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Whitnall's John Quinlan Pins Down Prestigious Honor

The longtime Whitnall wrestling coach will be inducted into the Wisconsin Wrestling Coaches Association Hall of Fame on Friday.

When John Quinlan was a student at Marquette High School in the 1980s, wrestling was something he did over the winter to pass the time between football and baseball.

The Brown Deer native was a standout in both of the latter sports, so much so that even though he was a state finalist in wrestling, he still considered it his third sport.

Over the last nearly three decades, however, Quinlan, the Whitnall High School wrestling coach, has made a name for himself in said third sport. And on Friday, he will be inducted into the Wisconsin Wrestling Coaches Association Hall of Fame at the association’s annual banquet and clinic in Green Bay.

The 48-year-old Quinlan will be joined by Merrill’s Scott Arneson, Shawano’s Jim Allbaugh, Muskego’s Ted Price and Kaukauna’s Steve McDaniel in the 2012 Hall of Fame inductee class, raising the total number of members to 147 since its inception in 1977.

“When I look at that list (of members), it’s like that old Sesame Street song, one of these things does not belong here,” Quinlan said. “I’m not sure I do. There’s Olympians, and coaches like (Wisconsin Rapids’) Lewie Benitz. I’m overwhelmed that people think I’m somehow in that discussion. It’s quite a fraternity.”

An unusual start

The recognition comes 28 years after Quinlan took over the Whitnall program. After serving as an assistant at Marquette High School for one year, he was hired as a varsity assistant at Whitnall in 1984. But after just four practices that season, the head coach resigned and Quinlan was in charge.

It was a unique situation as Quinlan was a 20-year-old Marquette University student.

“It was a learning and growing-up experience,” Quinlan said. “To all of a sudden be running a program, and I was just two years out of high school. You had to act in a totally different way. You really had to balance being someone their age and hanging out and talking with them on one level to trying to be the much older adult and teach them life lessons.

“At that age, you’re learning the life lessons so it’s hard to teach them what they are.”

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Quinlan’s tenure started roughly. The program had just nine athletes when he took over, and 45 minutes into his very first practice as head coach, a senior captain blew out his knee. Days later, Whitnall went up against a Greendale squad that featured future Olympian Jim Gruenwald.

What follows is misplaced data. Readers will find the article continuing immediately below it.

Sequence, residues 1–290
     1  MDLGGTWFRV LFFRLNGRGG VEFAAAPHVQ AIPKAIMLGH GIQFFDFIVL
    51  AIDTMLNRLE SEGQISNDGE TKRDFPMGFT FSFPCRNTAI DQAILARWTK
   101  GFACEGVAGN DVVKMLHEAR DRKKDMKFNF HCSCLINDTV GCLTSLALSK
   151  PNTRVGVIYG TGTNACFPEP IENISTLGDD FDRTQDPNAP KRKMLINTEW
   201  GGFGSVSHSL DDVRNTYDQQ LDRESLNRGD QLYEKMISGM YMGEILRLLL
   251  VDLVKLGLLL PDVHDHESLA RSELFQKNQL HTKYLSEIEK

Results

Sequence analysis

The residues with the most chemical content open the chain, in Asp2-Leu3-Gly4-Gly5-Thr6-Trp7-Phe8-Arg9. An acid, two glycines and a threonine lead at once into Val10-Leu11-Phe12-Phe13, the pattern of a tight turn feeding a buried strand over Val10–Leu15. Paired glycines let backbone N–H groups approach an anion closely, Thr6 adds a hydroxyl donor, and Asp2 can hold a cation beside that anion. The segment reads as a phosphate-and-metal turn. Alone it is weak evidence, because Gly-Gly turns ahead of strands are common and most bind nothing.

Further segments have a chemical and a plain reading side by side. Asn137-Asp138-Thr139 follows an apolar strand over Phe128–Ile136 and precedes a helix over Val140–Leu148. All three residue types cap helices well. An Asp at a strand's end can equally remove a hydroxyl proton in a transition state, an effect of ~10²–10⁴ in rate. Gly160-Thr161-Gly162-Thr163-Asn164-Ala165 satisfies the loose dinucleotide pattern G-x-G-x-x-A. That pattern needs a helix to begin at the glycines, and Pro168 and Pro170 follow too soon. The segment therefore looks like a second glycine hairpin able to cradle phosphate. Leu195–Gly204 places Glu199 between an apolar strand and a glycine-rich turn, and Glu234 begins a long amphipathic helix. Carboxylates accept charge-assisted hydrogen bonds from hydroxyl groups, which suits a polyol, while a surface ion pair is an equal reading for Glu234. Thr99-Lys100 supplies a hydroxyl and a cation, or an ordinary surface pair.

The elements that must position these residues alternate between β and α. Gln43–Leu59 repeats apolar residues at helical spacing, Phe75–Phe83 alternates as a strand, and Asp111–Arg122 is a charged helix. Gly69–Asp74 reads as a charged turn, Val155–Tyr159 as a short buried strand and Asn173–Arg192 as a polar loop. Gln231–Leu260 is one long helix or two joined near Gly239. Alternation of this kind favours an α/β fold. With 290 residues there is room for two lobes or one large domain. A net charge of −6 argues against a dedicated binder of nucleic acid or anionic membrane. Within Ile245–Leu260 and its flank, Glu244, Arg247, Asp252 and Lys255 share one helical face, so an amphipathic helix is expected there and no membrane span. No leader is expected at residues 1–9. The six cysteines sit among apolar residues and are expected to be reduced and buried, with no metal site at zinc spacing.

“There were coaches in the area that beat up on us a little bit, but they took the time to teach me some stuff as well,” Quinlan said. “Our (athletic director) Steve Pelkofer, he went out on a limb to hire a 20-year-old head coach. He was taking some chances too.”

Wins start piling up

Success started to come for Quinlan’s Falcons, and over the last 29 years, his teams have compiled a 464-176 dual record with 18 conference titles, 36 team tournament titles and seven WIAA regional championships. Quinlan’s Falcons have also produced 95 individual conference champions, 64 state qualifiers and 10 state place-winners.

Among Quinlan’s top memory-maker are the program’s school’s first-ever conference championship in 1986; the 1990s teams that included the Zelinski and Zizzo brothers; the 1995 team that made the school’s lone state tournament appearance and nearly made it to the state final; a four-year stretch more than 30 league dual wins in a row; and of course the remarkable seasons turned in by two-time state champion John Zelinski in 1994-95.

Quinlan said he never expected to be coaching this long. In fact, he figured once he had finished college, he would put coaching aside as well. But strong relationships with parents, fellow coaches and especially players have kept him coming back year after year.

“I really like working with that age group,” Quinlan said. “I’ve had a lot of kids that have gone on to be my assistants, but there are a lot of kids that I still have friendships with to this day.

“It’s a neat age group. They are going through a lot of different things in their lives. … I’ll keep coaching as long as I keep enjoying it.”

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